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The Big History of Civilizations
- Lu par : Craig G. Benjamin
- Durée : 17 h et 49 min
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The history of human civilization is an astonishing story of migration, innovation, and social development. Now, the exciting new field of "big history" allows us to explore human civilizations in ways unavailable to historians of previous generations. Big history scholars take a multidisciplinary approach to study great spans of time, unlocking important themes, trends, and developments across time and space.
Unlike a traditional survey of history - with its focus on dates and events, kings and battles - The Big History of Civilizations is your chance to apply this cutting-edge historical approach to the epic story of humanity around the world. Taught by acclaimed Professor Craig G. Benjamin of Grand Valley State University, these 36 sweeping lectures trace the story of human civilizations from our emergence as a species, through the agricultural and industrial revolutions, and into the future.
It only takes a few minutes of one lecture for you to discover that Big History is an amazing approach to history. Its grand vision will give you powerful new insights into human civilization, and it offers a profound analysis of some of our biggest questions: What makes us human? Where did we come from? And where are we going? There may be no easy answers, but Professor Benjamin takes you on a powerful journey to the limits of our understanding.
What differentiates big history from any other field is the way it combines divergent fields, from archaeology and anthropology to ecology and philosophy, and ties them together, allowing you to see patterns of our past, present - and even future. From the just-right "Goldilocks factors" that allow civilizations to emerge to different ways civilizations have emerged across time and around the word, this riveting approach to history offers a multidisciplinary toolkit to tell the story about what makes us human.
PLEASE NOTE: When you purchase this title, the accompanying reference material will be available in your Library section along with the audio.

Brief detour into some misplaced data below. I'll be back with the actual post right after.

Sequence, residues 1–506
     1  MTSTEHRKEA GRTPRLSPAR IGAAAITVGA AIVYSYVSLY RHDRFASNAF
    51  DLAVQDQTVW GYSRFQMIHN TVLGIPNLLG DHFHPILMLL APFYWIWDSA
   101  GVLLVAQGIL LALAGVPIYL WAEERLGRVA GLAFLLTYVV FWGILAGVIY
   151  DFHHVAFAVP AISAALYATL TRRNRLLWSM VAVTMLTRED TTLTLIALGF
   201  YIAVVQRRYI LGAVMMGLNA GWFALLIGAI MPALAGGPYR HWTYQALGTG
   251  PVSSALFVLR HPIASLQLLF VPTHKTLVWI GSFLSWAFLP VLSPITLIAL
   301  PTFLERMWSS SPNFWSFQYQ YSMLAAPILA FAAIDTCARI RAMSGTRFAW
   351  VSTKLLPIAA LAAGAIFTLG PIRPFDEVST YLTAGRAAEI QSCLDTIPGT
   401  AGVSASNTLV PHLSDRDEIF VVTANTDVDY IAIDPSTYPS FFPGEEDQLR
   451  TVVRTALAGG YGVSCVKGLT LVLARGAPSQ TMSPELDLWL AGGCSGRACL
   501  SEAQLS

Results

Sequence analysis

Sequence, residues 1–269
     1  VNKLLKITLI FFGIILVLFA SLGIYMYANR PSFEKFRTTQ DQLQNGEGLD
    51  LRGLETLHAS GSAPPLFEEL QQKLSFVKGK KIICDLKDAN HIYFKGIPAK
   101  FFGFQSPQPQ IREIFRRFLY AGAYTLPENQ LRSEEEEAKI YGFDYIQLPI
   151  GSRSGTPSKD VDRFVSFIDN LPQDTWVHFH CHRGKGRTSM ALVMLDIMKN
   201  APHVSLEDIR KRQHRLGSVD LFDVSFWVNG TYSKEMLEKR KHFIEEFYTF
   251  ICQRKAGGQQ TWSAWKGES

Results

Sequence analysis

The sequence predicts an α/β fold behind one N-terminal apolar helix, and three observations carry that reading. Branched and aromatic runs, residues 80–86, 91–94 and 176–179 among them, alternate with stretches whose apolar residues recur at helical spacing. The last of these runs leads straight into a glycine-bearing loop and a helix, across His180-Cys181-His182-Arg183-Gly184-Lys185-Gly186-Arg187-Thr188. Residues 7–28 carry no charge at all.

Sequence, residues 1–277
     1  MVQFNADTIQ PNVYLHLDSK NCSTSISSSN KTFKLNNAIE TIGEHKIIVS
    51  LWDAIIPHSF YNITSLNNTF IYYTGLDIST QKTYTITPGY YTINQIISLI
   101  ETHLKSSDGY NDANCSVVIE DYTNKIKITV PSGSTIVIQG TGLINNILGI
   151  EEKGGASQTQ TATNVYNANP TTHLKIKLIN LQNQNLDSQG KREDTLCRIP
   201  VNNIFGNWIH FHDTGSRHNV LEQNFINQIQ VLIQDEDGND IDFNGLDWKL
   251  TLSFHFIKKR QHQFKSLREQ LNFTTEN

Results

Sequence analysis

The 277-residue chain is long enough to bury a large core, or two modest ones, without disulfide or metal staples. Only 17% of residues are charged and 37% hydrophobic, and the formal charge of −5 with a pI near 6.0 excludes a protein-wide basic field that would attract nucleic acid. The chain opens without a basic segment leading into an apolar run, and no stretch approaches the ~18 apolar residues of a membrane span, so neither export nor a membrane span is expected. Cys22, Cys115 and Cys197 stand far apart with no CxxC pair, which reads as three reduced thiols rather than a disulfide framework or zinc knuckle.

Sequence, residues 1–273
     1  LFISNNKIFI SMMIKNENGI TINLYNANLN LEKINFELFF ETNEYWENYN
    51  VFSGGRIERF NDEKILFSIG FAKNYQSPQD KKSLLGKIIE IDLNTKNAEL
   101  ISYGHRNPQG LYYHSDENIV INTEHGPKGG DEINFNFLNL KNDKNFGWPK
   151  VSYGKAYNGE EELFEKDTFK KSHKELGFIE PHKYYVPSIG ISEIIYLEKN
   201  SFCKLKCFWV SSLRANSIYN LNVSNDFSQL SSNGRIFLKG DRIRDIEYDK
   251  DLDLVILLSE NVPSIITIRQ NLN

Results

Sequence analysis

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Horrible delivery, constant self-promotion.
What didn’t you like about Professor Craig G. Benjamin’s performance?
I don't know where to begin. He speaks in a mechanical, repetitive way--every sentence has the same delivery and intonation. He doesn't sound like he is talking naturally, more like he's reading a powerpoint presentation. But the worst part is that he is constantly interrupting his own lecture to promote his "Big History" brand of scholarship. It's more of an academic infomercial than a course. He can't seem to stay on any topic, because he keeps feeling the need to stress why his approach to history is so important. I understand that the whole idea is to make broad connections, but he jumps around so much that he starts sounding as though he has ADD. I love ancient history and can usually listen to lectures endlessly but I couldn't get through more than an hour of this before I turned it off in disgust.
26 personnes ont trouvé cela utile
- Tad Davis
Brilliant outline of the rise and fall of civilizations over the last 10,000 years. (Is that all it's been?) Benjamin is an enthusiastic lecturer and manages to cram an amazing amount of information into each lesson. It ends with a vision of human possibilities a billion years into the future.
I would have wished for only one change, and even at that I'm not sure how it could fit in without breaking the delicate balance of the course's trajectory. The 19th and 20th centuries are well covered in a couple of powerhouse lessons; I wish they'd been matched by a single lesson (at least) on the earlier history of Europe. It gets short shrift here. But there's no fat in the course that could be trimmed to make room for this.
Ultimately I guess the intention was to represent more fully the civilizations that are often glossed over in "world histories." Benjamin's history is truly global.
One feature is the emphasis he places on environmental issues. The environment has played a far greater role in enabling the rise and fall of human societies than is usually recognized. And that in turn leads to the almost prophetic themes of the conclusion of the course. Humans as a species have dominated far more than their share of the planet's resources, and we have upset the apple cart to such an extent that our own survival is in question. It's the only planet we have. We need to act urgently to reduce our footprint.